I woke up one morning in Prince’s Baby’s basement and could’ve sworn it was the end of “Automatic.” There had been a prewedding party and someone had the good drunken sense to leave 1999 on repeat in the next room. The room where I slept was windowless, deprived of light and time, leaving me in an anesthetic haze of hydraulic wheezes, tarmac jet hiss, someone in scrubs with his finger Krazy-glued to a synth, crying, promises of torture, Prince talking about his damn dreams again. In the video for “Automatic,” a bed taxis across the stage under its own power, waved in with conical runway lights. Prince is lashed to the posts. Commence bed spins. I swore I heard a gnome saying he was an automatic fool—in the same voice that wanted to touch you there, right there in “If I Was Your Girlfriend.” All confusing in a half-woke state and happy to consider what silence looked like, if it was ever quiet enough.
I had slept through a stream of absurdity, through the end of the world, through all the critics but Dorothy Parker, through Vanity’s cries for help (“Jerk!”), through all the hippies singing together, through the song that made my mom not like Prince so much. I learned this could be because she confused Prince for “Sex Dwarf,” a song by Soft Cell that is as depraved as you might think. Maybe she had glam-slammed them together. The “Sex Dwarf” video might have clarified things had it not been banned. Prince never had chain saws and trans-sex workers writhing in maggot-laced meat in his videos. (“I mean it’s ‘Sex Dwarf.’ What are you gonna do?” said director Tim Copeland.) The recurring bad-dream presence of the “dumb chauffeur” always made me laugh and then feel weird about it.
Perhaps my mom worried about the heavy breathing. Egyptian Lover credits Prince for the invention of heavy breathing while Prince might credit heavy breathing to a tireless work ethic and the women in his life, the sound engineers, dancers, singers, guitarists, poets, lovers, dreamers, and drummers who helped make it all happen. It could’ve been because she came home one afternoon to me blasting “Let’s Pretend We’re Married,” with doors and windows flung open. Prince had deliberately twanged one of those f**ks in reverb, less disguise than accentuation. Another f**k, the sincere one, left our new neighbors pondering what it means to do it until losing one’s sense of taste. I imagine my mother walking up the sidewalk after a day teaching at the community college’s writing center, hearing a house she found on her own possessed by a group of overdubbed Prince voices, declaring it was going to having fun every motherbleeping night. Or as much motherbleeping fun a sixth grader could be having at the time.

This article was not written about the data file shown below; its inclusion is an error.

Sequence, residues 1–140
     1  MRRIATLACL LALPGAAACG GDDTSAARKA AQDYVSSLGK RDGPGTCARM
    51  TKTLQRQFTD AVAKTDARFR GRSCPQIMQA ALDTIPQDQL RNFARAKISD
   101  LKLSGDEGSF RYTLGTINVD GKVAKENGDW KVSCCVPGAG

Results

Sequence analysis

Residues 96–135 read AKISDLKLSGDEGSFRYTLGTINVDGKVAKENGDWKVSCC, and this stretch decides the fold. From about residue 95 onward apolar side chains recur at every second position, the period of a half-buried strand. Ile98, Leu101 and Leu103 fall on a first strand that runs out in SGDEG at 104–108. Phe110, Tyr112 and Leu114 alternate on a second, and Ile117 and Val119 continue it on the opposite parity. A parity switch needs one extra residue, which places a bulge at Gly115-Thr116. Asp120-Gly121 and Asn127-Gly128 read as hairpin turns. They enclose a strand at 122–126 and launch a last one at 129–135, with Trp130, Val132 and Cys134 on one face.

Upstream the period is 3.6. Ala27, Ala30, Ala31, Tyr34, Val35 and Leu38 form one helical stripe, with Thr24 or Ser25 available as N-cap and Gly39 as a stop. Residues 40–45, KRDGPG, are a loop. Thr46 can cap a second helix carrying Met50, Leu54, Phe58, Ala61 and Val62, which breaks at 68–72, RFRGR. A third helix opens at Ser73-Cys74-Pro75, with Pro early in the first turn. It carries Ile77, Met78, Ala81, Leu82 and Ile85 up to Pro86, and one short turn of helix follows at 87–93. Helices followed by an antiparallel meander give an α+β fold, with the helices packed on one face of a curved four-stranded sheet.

Something in the Bath Water (Extended Version)
My mom has long since revised her stance on Prince, only shocked that he didn’t leave a will. “You really need to do your will,” she told me over the phone on Mother’s Day. “Because if we both get hit by trucks on the same day, your possessions will go to the state.” Would this include my freakabyte of unreleased Prince songs?
We’ve now moved past the deep-album-cut stage of grief, the import-only Mazarati B-side stage of grief, to the handwriting-analysis stage of grief. In a letter shared by Susanna Hoffs of the Bangles, Prince appears to be really good at cursive, as if writing ruffle-wristed with a feathered quill. Such legislative flourish! “New breed of leaders stand up organize,” he demands in “Sexuality.” One of the headlines on the back cover of Controversy declares that the nation’s capitol has been moved to a better place, one of absolute sexual freedom, where people’s lives aren’t being molested by the local state legislature.
Then to the open-up-the-vault-already-damn-we-know-you’re-in-there stage of grief. We’ve already been haunting the dream factory for alternate versions, ever since knowledge of the Black Album’s existence. Prince was a living breathing fucking alternate version of himself to whatever version you wanted to be, from LGBTQ to that sect of straight, white, “Purple Rain” men just in it for the air shredding. And when those vault doors opened (after drilling a peephole first), you can imagine all those versions not even bothered. Don’t mind us, we’re all just a-freaking.